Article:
One sure sign of adulthood is when snow goes from being a good thing to being a bad thing. Another is when ‘play’ becomes ‘exercise.’ Back before I had allergy issues, before I had internet access, and before I discovered the joys of video gaming, I spent most of my time playing outside. (Eww, that phrase felt so strange to type “playing outside”? who does that?) Anyway, I used to run track and cross-country through middle school. In high school that didn’t work out so well because these people could actually Run, and my knees hurt quite a bit so no more running. I did some mountain biking and got into road biking because it was so much faster. In college I tried the Ultimate Frisbee team but they took it real seriously and practiced almost every day. I had to get a job so that fell by the wayside as well. It was at this point that ‘play’ turned into ‘exercise’. For the most part, physical activity is now something that I feel I have to do rather than something I want to do.
I used to have something motivating me though. At this point I’ve considered joining the military three or four times in all. Part of this consideration and testing process is physical training. So I would run more and more, try to do some pushups and situps, then look at the target ranges for a 20-something male. Once I realized I could maybe reach some of the minimums, I lost that drive and realized I just couldn’t be good enough. Now with nothing really motivating me to get physical activity beyond the fact that I don’t have money to buy new clothes once I get morbidly obese, I’ve found ways to make exercise more bearable.
The most important change was efficiency. I could ride my bike for about an hour and get a similar workout to running for about 25 minutes. Since most of my 30min shows are about 24-26min on Netflix, this seemed perfect. If I can watch TV it doesn’t count as lost time, so I watch my show while running on the treadmill and it takes half the time as biking so all is well. In fact, I almost never exercise if I can’t watch something on my laptop at the same time.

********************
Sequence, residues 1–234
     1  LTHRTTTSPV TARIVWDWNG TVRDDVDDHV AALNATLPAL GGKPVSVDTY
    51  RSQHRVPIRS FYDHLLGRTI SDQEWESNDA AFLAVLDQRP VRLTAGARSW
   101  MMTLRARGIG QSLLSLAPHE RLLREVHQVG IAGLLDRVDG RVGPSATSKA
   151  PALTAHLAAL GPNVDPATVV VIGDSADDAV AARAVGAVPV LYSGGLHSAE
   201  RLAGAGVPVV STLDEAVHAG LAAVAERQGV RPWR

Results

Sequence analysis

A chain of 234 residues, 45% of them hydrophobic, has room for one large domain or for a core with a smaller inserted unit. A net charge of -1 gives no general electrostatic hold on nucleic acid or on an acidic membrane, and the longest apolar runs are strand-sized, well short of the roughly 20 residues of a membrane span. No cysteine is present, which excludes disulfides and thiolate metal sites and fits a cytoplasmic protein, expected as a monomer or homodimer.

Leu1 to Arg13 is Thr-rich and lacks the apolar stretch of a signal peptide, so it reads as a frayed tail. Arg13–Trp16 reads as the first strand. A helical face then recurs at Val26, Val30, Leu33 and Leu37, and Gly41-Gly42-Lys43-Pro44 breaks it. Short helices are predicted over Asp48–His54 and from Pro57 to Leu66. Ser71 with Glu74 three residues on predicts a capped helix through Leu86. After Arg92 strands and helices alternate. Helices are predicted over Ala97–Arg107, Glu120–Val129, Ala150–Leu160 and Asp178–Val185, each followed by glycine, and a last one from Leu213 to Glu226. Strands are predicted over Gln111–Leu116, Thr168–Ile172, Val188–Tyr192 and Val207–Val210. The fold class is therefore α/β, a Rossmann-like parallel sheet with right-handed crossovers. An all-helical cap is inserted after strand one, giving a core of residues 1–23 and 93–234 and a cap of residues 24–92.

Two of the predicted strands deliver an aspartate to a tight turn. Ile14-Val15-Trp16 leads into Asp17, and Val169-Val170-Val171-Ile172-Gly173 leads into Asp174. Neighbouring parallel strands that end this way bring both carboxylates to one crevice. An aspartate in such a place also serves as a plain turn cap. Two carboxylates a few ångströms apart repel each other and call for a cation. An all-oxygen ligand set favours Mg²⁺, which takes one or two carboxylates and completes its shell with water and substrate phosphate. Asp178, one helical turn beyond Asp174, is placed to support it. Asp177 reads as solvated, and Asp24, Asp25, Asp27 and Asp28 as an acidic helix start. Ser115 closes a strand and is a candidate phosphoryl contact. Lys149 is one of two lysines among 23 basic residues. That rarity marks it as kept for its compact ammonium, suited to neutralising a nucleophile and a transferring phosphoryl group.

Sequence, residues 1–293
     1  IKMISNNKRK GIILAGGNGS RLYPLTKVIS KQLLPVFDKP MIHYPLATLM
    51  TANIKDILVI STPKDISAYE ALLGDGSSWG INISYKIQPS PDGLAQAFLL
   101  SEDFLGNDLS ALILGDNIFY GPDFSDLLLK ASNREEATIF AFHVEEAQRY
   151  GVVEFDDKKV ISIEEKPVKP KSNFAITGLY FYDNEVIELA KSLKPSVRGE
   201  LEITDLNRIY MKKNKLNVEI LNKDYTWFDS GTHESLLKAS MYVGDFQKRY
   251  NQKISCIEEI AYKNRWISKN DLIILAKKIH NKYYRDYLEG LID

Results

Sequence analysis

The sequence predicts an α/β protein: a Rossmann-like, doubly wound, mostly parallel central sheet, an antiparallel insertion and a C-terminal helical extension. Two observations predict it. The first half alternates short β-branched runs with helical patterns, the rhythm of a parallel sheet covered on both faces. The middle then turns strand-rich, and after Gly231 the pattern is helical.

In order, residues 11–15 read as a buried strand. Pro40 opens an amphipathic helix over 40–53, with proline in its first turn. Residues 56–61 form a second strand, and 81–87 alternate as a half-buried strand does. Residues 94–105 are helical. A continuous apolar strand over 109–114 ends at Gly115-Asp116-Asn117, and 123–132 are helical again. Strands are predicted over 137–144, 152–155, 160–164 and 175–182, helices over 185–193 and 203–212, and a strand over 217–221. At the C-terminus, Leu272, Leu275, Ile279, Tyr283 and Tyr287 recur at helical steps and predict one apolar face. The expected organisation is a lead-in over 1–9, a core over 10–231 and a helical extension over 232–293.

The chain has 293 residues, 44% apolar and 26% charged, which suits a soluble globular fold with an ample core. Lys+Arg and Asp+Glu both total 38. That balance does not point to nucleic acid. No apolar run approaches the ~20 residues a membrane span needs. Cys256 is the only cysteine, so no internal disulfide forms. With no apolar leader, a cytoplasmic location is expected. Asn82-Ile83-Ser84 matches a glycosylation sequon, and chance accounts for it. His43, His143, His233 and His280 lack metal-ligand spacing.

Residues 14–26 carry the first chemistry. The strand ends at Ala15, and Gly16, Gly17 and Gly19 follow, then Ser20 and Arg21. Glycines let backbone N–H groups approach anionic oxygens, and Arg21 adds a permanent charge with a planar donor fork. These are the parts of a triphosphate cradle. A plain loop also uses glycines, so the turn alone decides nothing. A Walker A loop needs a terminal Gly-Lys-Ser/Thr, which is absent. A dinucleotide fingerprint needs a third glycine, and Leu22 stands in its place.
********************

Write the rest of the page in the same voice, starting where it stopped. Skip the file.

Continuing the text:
Another change was trying to recover some of the lost fun and excitement that went missing from this forced-labor exercising. So for the low low price of entirely-too-many-dollars a month, I joined a climbing gym vaguely close by. After about four months of bouldering (like real climbing only more difficult, lower height, and with no ropes) I am kind of intermediate which is better than ‘n00b’ I suppose. Despite reading some of this website before starting, the people there are actually ok and sometimes helpful. Except the little kids. The EarthTreks gym has a climbing team made up of (so far as I can tell) kids between 8 and 18 years old. Which is great. However it is extra disappointing to fail and fall off the wall to my death when I get up only to see a group of little girls standing there waiting for me to fail. At which point they fly up the route I just finished falling off of (sometimes using only one foot, or presumably while laughing at my shambling disgrace of an attempt) as if to say “You couldn’t do this? It’s just a V4 (out of 16), not difficult at all. Maybe it’s because you don’t weigh 60 pounds…” So now I know to not try something difficult if there’s any Team members around to see me. I tell myself that one day these kids will grow up a bit, and have to worry about health insurance costs, and how much time they’ll have to take off work if they fall and get injured, and they might not be as fearless. But in the meantime, they’re much better than me, so I’ll just try to watch and learn.
All that to say: exercise is terrible, but with a few adjustments, it can be less terrible.